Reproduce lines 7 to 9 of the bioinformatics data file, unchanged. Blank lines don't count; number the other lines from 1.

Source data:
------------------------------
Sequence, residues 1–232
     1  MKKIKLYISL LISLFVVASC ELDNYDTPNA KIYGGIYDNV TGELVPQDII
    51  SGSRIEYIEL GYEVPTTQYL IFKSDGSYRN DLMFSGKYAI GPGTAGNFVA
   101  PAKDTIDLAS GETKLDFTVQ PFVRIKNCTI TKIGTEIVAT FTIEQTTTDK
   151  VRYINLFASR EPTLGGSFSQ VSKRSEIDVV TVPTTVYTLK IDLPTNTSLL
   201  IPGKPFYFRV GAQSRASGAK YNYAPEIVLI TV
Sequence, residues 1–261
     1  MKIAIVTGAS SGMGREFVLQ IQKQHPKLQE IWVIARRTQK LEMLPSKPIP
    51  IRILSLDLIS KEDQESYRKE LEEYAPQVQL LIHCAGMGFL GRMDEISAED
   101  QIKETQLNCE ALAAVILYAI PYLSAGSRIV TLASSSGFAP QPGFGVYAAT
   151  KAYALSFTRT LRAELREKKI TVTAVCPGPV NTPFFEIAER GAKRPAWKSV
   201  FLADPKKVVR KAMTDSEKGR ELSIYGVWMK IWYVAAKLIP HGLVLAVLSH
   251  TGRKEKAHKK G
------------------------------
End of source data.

Sequence, residues 1–261
     1  MKIAIVTGAS SGMGREFVLQ IQKQHPKLQE IWVIARRTQK LEMLPSKPIP
    51  IRILSLDLIS KEDQESYRKE LEEYAPQVQL LIHCAGMGFL GRMDEISAED